Basic training of brush stroke (1)

2nd time

April 17


Tools for calligraphy (brushes, grinding-stone, etc.)


Basic training of brush stroke (2)

3rd time

April 24


Materials for calligraphy (paper, ink, etc.)


Basic training of brush stroke (3)

4th time

May 1


How to choose models (copybooks) for study


Structure of Kanji (Chinese character) (1)

5th time

May 8


Development of styles of Kanji


Structure of Kanji (2)

6th time

May 15


Development of technique for brush stroke


Study classic model style (square style 楷書)

Ou-yang Xun  (557-641 Early Tang Dynasty)

Yan Zhen-qing (709-785 Late Tang Dynasty)

7th time

May 22


Discrimination between correctness and error, discrimination between cleverness

and simplicity


Study classic model style (early square style or clerical style 隷書)

Sozen-hi (cao quan bei ) (monument  A.D.185  Later Han Dynasty)

Sekimon-syo(shímén song) (monument  A.D.148 Later Han Dynasty)

Hokaku-syo (monument A.D.172  Later Han Dynasty), etc.

8th time

May 29


Various types of mounts for calligraphy (lining, etc.)


Study classic model style (Seal-style)

 Characters inscribed on oracle bones and tortoise shells (1800-1100 B.C. Shang-Yin 商-殷)

Inscription on old bronze vessels (1800-770 B.C. Shang-Yin, Xī Zhōu (西周 [copper ware])

Inscription in Qin Dynasty (Chin-seal style 221-206 B.C.)

9th time

June 5


Study classic model style (cursive style 草書 and semi-cursive style 行書)

Kukai (774-835  Heian era)

Michikaze Ono (896-966 Heian era)

Yukinari Fujiwara (972-1027 Heian era)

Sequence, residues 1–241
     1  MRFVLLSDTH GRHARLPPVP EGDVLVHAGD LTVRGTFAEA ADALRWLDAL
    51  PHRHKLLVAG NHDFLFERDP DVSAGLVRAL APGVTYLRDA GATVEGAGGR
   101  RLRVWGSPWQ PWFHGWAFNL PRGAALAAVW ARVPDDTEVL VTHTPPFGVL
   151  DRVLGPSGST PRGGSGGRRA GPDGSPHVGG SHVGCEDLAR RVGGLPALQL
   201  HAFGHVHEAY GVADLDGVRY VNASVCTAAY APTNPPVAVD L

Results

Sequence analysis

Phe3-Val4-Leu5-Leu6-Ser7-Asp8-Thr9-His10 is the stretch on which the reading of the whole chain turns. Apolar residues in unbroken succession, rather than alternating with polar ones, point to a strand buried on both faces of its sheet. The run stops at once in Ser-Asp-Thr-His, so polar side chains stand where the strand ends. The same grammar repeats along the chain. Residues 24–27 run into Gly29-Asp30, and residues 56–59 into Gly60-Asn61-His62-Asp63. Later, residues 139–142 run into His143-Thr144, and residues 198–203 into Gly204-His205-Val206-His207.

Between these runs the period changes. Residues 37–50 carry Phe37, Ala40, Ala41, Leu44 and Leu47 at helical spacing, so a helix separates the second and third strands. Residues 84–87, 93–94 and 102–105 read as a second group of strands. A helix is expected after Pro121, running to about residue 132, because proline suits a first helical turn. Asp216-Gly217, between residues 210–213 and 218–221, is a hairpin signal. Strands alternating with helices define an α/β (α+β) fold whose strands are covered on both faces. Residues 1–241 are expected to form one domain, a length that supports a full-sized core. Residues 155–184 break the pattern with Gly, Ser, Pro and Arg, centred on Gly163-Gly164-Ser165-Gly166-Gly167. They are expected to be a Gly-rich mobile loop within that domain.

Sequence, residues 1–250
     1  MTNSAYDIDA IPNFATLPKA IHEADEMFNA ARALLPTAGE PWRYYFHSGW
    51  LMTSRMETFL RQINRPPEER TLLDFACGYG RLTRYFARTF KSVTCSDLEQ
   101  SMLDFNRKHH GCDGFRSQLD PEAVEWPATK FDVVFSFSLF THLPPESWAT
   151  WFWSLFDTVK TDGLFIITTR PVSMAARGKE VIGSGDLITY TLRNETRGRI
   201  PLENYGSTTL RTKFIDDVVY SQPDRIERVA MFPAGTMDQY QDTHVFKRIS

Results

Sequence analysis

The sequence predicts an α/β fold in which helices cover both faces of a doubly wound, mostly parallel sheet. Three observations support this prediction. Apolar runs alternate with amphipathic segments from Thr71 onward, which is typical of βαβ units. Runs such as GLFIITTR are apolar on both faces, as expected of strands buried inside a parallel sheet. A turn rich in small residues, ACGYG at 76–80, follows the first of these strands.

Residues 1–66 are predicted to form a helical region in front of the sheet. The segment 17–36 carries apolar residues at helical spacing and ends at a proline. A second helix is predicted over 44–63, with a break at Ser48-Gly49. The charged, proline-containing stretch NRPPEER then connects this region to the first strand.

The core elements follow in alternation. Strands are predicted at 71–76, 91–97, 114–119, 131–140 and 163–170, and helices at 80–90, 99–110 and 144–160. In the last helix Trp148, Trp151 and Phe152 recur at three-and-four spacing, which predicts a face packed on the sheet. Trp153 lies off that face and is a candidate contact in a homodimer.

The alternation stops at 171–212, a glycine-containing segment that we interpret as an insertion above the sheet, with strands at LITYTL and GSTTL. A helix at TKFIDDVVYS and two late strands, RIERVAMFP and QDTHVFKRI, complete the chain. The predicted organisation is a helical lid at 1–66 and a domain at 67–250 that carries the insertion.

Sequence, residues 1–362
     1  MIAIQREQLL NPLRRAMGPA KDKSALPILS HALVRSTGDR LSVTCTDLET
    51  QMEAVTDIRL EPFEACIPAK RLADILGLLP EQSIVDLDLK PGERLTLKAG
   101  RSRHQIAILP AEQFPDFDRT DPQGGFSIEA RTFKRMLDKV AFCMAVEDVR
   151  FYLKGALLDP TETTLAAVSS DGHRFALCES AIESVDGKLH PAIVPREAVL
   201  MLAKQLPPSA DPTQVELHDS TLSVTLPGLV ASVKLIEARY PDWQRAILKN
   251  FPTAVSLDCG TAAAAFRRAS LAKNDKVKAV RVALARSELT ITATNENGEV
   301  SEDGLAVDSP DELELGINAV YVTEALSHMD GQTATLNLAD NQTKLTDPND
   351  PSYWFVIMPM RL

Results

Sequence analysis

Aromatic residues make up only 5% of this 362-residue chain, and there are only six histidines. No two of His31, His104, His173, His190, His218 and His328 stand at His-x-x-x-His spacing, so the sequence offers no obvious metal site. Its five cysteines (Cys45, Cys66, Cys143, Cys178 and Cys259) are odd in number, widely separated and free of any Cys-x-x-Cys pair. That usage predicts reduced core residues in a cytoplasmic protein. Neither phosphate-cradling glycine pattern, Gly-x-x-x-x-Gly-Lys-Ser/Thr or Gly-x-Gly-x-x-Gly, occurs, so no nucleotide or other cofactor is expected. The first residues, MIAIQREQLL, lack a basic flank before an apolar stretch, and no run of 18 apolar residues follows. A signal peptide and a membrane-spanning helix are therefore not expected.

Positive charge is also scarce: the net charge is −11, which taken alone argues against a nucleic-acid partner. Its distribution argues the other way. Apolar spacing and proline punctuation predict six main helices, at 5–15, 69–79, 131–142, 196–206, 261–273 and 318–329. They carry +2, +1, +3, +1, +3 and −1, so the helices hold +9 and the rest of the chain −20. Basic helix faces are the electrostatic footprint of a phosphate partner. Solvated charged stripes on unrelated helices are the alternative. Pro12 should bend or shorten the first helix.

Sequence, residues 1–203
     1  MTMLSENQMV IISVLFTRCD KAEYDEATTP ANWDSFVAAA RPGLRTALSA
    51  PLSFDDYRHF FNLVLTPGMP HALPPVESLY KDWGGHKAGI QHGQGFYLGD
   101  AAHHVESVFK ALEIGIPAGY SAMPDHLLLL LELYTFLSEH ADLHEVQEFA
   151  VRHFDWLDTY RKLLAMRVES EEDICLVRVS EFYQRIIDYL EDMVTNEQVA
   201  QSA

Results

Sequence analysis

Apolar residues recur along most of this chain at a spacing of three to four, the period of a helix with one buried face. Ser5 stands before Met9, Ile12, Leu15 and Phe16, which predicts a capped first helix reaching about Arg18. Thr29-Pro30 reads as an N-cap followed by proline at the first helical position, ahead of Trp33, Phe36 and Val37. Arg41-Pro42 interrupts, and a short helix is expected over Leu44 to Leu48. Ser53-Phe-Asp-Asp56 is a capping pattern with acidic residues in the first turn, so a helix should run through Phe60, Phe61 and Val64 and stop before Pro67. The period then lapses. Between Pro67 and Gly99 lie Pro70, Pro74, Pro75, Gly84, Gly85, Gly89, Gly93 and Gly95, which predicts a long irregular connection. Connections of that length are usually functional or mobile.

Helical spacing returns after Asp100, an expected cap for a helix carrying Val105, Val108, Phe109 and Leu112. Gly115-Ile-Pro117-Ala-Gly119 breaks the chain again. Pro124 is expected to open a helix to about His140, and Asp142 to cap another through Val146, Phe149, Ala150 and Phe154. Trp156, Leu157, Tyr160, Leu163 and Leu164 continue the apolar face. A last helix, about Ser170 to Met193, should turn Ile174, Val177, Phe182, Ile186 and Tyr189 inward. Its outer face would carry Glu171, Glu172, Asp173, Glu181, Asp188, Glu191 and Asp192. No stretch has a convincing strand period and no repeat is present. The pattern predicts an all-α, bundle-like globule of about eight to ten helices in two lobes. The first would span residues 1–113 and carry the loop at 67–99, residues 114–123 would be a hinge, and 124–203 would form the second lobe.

Wáng Xīzhī (王 羲之) (307-365?  Eastern Jin)

 Su Dongpo( Sū Shì ) (1036-1101 Northern Song)

Other Japanese and Chinese calligraphy masters

10th time

June 12


 Essence of calligraphic art


Free interpretation of diverse styles (1)

(Using various materials and tools)

11th time

June 19


Overview of Modern Calligraphy


Free interpretation of various styles (2)

Creative performance

(1) Textbooks, paper, brushes, ink, etc. may be purchased in class at cost prices.

(2) Special tools will be lent by instructor.

 This “Calligraphy Class for Westerners” where Nankoku made the best use of English, lectured on the history of calligraphic culture, and practiced various lessons was devised to make the contents of the class at the Rudolf Schaeffer School of Design in San Francisco more easy to understand, so it was very popular with Western students . The aspect of Nankoku as educator, which Anne O'Hanlon accurately pointed out, was surely to intend connecting the study of calligraphy inherited from his father Tenrai to education and spreading a correct understanding of the essence of calligraphy.
 Nankoku received letters of requests for exhibitions from overseas in succession. In April 1962, Brandeis University (in Waltham, Massachusetts) requested the another exhibition of “4,000 years of Oriental Calligraphy” at Mi Chou Gallery. And Exhibition of “Sinn und Zeichen, Kalligraphien Japanischer Meister der Cegenwart” (Meaning and Symbol, Masters of Contemporary Japanese Calligraphy) (Darmstadt, Augsburg, Berlin in West Germany). From 1962 to 1964, he toured the United States for the exhibition of “Japanese Contemporary Sumi Painting”. And also from November 1962 to January 1963, his three works of "Works 60-B, 60-C, 60-D" were exhibited at the “Recent Acquisitions: Painting and Sculpture” at the Museum of Modern Art (MoMA) in New York. This exhibition also featured works by celebrated artists such as Georges Black, Cézanne "Mont Saint Victoire (1900-06)”, SamFrancis, Matisse "Music (1907)" and Milo, Henry Moore and Ad Reinhardt. And in 1963, he exhibited works at the exhibition of “Schrift und Bild —Art and Writing” in the Netherlands and West Germany (Amsterdam in Netherlands from May to June, and Baden-Baden in West Germany from June to August).